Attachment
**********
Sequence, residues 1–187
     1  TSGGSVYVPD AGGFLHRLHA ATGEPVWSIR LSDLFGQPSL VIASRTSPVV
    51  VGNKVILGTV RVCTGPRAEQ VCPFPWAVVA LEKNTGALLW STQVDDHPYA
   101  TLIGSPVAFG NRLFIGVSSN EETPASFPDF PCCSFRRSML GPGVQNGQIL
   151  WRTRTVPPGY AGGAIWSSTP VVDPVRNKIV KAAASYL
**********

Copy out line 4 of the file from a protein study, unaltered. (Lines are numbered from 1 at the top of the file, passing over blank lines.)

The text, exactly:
   101  TLIGSPVAFG NRLFIGVSSN EETPASFPDF PCCSFRRSML GPGVQNGQIL